This week at Juno
Records from Luke Wyatt, Ikonika, Dekmantel, Minimal Wave and Mood Hut provided this week’s highlights.
Although it was only last week that his loose reworks of Karen Gwyer’s Needs Continuum were released, this week saw more Luke Wyatt material arriving in the form of Teen Hawk. Mooted for several months now, the LP on the Emotional Response label collects 12 early tracks from the archives of the US producer and video artist; those familiar with his self-confessed “mulch” may be surprised by the relative clarity of the tracks on offer, especially on the beatless analogue terrain of tracks like “Mintwood” and “Kuralt”.
The latest release form UK producer Pye Corner Audio offered an interesting counterpart to Wyatt’s LP; arriving on a one-sided picture disc from Dekorder, Conical Space shares the same queasy analogue quality as Wyatt, but the title track showcases a forward momentum rarely seen from the experimental producer, delivering the kind of pulsating dancefloor track whose slowly unfurling bassline catches you off guard. More densely chugging yet esoteric dance tackle could be found in the latest release from Emotional Response’s Headman-centric Emotional Relish offshoot, with Andy Blake, Scott Fraser and Richard Fearless all offering some typically low-slung cosmically inclined dub house reworks of the producer. Add to that the return of Holy Ghost on DFA with Dumb Disco Ideas, and you’ve got one of the best weeks for disco-leaning synth workouts for some time.
It might seem a stretch to suggest that Ikonika’s new Aerotropolis album on Hyperdub could have been put in much the same category, but as the thick synth-led house of tracks like “Beach Mode” and boogie styles of “Mr Cake” show, her sound has expanded outside of the funky and grime hybrids of her earlier work. Conversely, Girl Unit – one of Night Slugs’ most vivid producers – debuted the Hysterics moniker on their Club Constructions series, one with a functionally mechanical, heady sound far removed from the bright textures of tracks like the producer’s classic “Wut”.
This week’s house releases saw a smattering of titles from established figures going up against some slightly more unknown names. Rush Hour returned to Rick Wilhite’s Vibes: New and Rare compilation from 2010 with an excellent remix disc; Ricardo Miranda turned in a fine boogie-steeped remix of Marcellus Pittman’s “In Due Time”, but it was Detroit hero Andres’ nostalgic chord-driven remix of Wilhite’s own “Analog Love” that provided the killer moment. Move D also delivered the Distant Voices EP on Canada’s Archipel label in collaboration with Montreal-based producer HEAR, combining all kinds of deep simmering textures into something resembling house or techno only in the loosest sense.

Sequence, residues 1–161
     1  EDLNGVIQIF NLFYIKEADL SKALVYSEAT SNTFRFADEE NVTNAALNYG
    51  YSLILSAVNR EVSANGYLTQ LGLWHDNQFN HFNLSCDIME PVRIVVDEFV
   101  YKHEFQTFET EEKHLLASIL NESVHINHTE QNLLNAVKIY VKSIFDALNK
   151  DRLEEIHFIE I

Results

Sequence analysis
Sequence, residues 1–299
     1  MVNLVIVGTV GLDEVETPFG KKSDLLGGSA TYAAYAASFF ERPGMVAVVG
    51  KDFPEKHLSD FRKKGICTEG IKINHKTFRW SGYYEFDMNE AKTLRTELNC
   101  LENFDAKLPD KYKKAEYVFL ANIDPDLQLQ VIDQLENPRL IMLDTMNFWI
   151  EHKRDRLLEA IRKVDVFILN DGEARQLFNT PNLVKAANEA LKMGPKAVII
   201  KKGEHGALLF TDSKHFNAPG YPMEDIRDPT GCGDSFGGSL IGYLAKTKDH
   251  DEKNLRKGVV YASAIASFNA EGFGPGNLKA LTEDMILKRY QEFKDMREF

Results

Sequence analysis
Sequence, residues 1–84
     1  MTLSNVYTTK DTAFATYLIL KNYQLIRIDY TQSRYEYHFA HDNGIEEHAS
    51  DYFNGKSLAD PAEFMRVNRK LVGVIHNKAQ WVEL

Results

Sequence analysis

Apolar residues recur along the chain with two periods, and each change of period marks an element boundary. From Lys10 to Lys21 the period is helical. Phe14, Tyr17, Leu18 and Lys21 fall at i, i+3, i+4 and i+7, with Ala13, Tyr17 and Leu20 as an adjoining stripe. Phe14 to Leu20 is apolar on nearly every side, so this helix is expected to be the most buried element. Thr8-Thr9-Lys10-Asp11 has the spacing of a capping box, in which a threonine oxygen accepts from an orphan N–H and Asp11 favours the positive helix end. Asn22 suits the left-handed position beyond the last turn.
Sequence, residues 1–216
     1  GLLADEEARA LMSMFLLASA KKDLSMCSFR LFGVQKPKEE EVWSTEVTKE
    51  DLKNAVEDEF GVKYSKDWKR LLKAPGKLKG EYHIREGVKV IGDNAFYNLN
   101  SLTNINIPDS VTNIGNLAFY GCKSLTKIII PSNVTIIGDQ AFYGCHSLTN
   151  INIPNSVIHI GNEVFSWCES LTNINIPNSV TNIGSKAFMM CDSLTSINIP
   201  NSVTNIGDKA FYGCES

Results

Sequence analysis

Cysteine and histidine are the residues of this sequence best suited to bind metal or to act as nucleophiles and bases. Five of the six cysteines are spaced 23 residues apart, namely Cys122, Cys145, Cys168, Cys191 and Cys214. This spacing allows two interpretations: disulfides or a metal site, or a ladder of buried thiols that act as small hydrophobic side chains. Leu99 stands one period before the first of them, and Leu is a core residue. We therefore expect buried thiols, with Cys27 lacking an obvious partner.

Heading up the under the radar producers this week, the ever on-point Dekmantel looked to the sounds of underrated Italian duo Ksoul & Muteoscillator for their latest release. Sounding like a dusty, degraded Marcellus Pittman, the three tracks across the Soul Hell EP are pitched right between the current wave of raw hardware enthusiasts and classic Motor City soul. Employing a similarly lo-fi sound was Cloudface, an artist connected to Vancouver’s Mood Hut collective, who released the Devonian Garden EP on their label this week; those who heard the recent Going Good release from Mood Hut associate Aquarian Foundation will find much to admire amidst the ambient textural swirl and square wave bass, which combined sounds distinctly like a new age take on Fingers Inc. Finally, Idle Hands delivered the full debut of the anonymous Lily. Having previously appeared on Don’t Be Afraid’s Spargel Trax sublabel, the 12-inch included two tracks, one of which,”Trumpets At Dawn”, sounded somwehat like a pitched down Shangaan Electro track.
In the world of techno, Clone’s Jack For Daze delivered one of the more surprising releases of the week, The Artist Formerly Known As 19.422.214.171.124.5.18 traded the stripped back minimal techno of his Horizontal Ground material for a more jacking house sound on Spadesdance, which came complete with remixes from Serge and Tyrell. A pair of pounding remixes of Peter Van Hoesen from Scuba and Token’s Phase were some of the biggest techno tracks this week, arriving on the second in the Receiver series, closely followed by the latest release from the Warm Sounds label, which delivered the raw, crunchy sounds of Battista on the appropriately named Energy Core EP.
A couple of coldwave and synthpop reissues rounded off the week, as Spain’s Domestica label released a much needed reissue of UK duo Nightmoves’ 1981 classic “Transdance”; originally released as a limited 12″ white label in 1981, it found favour on the dance floors of Europe and New York City, yet never really gained the wider exposure it richly deserved, making this lovingly presented 10-inch a must for fans of the era. Coming from a more experimental angle was Minimal Wave’s Earlier / Later, a retrospective look at the music of Belgian group Polyphonic Size. Emerging in 1979, the group were one of mainland Europe’s more enigmatic purveyors of primitive synth pop, and is essential listening for anyone currently captivated by UK producer Powell’s ramshackle beat formations.